Saving the corner bookstore
Tribute to city’s oldest book vendor
Tesfaye Adal sits in his small bookstore, waiting for customers, guarding his books. If a customer walks into his closet sized store, he is likely to engage in a conversation for over an hour, entirely about books. People that pass by without visiting the store do not walk by without greeting Tesfaye –he is a staple of the Ambassador area.
His store, previously covered in beautiful vines and flowers has been significantly reduced in the recent street-widening efforts of the city municipality. Even worse, the store set against the backdrop of the 7th Day Adventist Church had to be demolished and Tesfaye did not know what to do. Thanks to a corrugated iron shelter built in its stead by local youth Tesfaye has been sleeping there for the past five months, afraid of thieves or bad weather. The once beautifully green space welcoming every passerby to spend a few hours in conversation with Tesfaye in its bamboo-coated interior has now been reduced to storage space for his treasured books.
Students and professionals have been coming to his store for years, eager to purchase new and old books alike. Tesfaye especially recalls students from Nazareth School that would visit his store searching for romance books. Harlequin novels (under the imprint Mills & Boon) still dominate most of his stock. At the time, Tesfaye opted to loan books, a choice he still makes over permanently selling them. Tesfaye is highly attached to his books. He’s been known to refuse to sell a certain book or argue over how many he was willing to lend at a time. Profit, he says, was never his goal.
He has been an owner of this shop since the 1960s. After selling newspapers and magazines around the city at the young age of 15, Tesfaye upgraded to books during the Haile Selassie era. He distinctly recalls going to the parliament during session and members of the parliament asking for the latest Abe Gubegna novel or the day’s newspaper. “In those days, it was allowed to sell in the parliment. They ask how much it costs, I say 2.50 birr and they buy it.” He believes the volume of books published during that period met the large demand for books. “The way cellphones are fashionable now, carrying books was fashionable then. All young people read.”
In the period before the socialist revolution in 1974, the demand for revolutionary and communist books rose, he remembers. The massive burning of books that glorified imperialism and the deposed king marked the Derg era that followed. During this time, Tesfaye salvaged books from schools and still has a few in his possession.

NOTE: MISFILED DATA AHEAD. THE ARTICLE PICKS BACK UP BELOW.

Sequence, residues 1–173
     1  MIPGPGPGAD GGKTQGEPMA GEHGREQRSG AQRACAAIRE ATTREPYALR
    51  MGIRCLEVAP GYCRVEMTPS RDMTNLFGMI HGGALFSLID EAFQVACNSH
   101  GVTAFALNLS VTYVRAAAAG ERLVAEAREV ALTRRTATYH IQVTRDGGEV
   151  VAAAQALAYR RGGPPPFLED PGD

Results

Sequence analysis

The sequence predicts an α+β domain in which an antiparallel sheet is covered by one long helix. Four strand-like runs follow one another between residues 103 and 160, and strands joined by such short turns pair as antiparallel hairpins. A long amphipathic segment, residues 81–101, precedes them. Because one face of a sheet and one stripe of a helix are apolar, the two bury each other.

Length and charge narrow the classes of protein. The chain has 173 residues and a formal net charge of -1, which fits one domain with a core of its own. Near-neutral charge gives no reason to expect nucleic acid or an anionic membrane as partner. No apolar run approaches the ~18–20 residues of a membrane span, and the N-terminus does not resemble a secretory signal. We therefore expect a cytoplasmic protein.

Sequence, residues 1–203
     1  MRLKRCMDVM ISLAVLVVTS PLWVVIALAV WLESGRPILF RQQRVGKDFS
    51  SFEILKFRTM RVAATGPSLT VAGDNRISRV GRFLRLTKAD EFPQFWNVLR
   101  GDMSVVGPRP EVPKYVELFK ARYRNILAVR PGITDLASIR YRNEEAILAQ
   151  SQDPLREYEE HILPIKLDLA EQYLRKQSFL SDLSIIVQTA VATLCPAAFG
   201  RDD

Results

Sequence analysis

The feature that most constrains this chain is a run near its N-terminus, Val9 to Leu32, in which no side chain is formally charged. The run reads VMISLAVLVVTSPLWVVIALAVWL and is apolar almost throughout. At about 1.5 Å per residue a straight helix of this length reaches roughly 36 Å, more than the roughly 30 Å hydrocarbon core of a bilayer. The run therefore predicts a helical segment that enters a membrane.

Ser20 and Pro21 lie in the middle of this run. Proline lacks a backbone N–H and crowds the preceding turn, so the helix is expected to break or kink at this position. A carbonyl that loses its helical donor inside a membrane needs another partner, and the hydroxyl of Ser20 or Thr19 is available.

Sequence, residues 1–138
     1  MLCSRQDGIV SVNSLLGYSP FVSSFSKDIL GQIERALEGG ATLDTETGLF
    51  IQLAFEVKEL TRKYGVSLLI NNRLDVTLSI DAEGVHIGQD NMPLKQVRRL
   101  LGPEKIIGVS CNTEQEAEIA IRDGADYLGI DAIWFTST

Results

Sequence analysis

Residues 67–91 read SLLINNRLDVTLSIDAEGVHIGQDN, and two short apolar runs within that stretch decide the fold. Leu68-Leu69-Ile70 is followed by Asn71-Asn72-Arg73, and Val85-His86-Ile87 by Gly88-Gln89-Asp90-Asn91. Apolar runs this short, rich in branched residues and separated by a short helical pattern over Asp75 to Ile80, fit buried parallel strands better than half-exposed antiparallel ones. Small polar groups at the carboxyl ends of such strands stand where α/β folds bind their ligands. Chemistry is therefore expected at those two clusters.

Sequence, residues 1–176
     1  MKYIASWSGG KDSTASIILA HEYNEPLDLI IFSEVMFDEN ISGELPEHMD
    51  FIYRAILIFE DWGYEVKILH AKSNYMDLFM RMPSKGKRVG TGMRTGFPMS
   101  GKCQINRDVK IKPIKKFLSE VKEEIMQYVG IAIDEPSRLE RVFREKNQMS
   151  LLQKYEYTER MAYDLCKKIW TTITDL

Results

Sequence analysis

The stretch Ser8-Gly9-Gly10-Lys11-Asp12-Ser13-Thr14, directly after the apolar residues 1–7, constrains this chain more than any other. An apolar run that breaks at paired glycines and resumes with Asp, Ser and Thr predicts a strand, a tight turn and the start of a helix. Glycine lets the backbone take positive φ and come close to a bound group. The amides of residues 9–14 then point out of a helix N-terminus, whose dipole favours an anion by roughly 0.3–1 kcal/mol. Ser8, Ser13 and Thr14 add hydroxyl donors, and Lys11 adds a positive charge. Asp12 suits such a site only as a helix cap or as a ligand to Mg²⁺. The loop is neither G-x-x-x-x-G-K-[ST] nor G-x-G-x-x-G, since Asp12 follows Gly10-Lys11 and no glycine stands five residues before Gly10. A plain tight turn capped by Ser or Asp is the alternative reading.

Several authors, artists and professionals have frequented Tesfaye’s bookstore over the years. Former mayor Zewde Gebre-Hiwot, Michael Birru, Yidnekachew Tessema, Kebede Michael, Alemayehu Gelagay, Zenebe Wola, Endalk Getahun, the list goes on. He recalls Sebhat Gebreghiabher sitting in his store as a customer comes in and asks for a book recommendation. Sebhat promptly pointed to all the books in the store and told the man to read it. Tesfaye also remembers how Mamo Wudineh helped release him from jail after he was arrested along with other street vendors selling kolo and lemons. He was jailed at the 6th police precinct along with his large stack of books for 15 days. Mamo, who was then editor of Police Ena Ermijaw magazine, walked in and noticed the books. Appalled when he found out the reason, Mamo urged the commissioner to release booksellers immediately, warning them not to carry inflammatory political pamphlets popular during the Red Terror.
The demand for socialist/communist books had cooled in the 80’s and Tesfaye began holding romance novels from then on. ‘Mother readers’ and ‘sister readers’, as he refers to them, began to frequent his store and he has formed lifelong relationships with them. The recent community effort to rebuild his once beautiful store was initiated by Hawani Debebe and Bruck Ayalew. Hawani had first met Tesfaye at the age of 14 when she was a student at Nazareth school. She has visited his store frequently to talk for hours, bringing along her friends. Bruck had also met Tesfaye as a teenager and says he developed his taste in books through Tesfaye’s recommendations. “We’ve been together during joy and during sorrow,” he says.
Their interpersonal and social media efforts to rebuild Tesfaye’s store led to 1,800 books being donated and 80 percent of the 60,000 birr needed has been raised in book sales. The book drive, held at the National Theater Gallery not far from Tesfaye’s store, attracted hundreds in just three days. Local bookstores like Jaffar, Maruf, Littman and Ewket-Ber as well as authors like Endalegeta Kebede and Daniel Kibret donated books for the drive. Tesfaye is looking forward to this transformation of his beloved store.
“Books are my first children. Then comes Ethiopia’s children. I have many children from here to the US and Europe that have read from my store.” Unmarried and without children, Tesfaye has dedicated his life to books. “I couldn’t have had so many children if I worked any other job. I have no regrets,” he says.
While a lot has changed in the past 5 decades in the publishing world and the reading public, Tesfaye is determined to remain a constant. “Books are not the same. Most people are long gone. Me and this door remain,” he says referring to the only remaining element of his original store. “I remember a customer telling me I was very lucky. You are received by books as you come in and greeted by flowers as you leave. You are more blessed than Jan-Hoy, he told me,” he says laughing.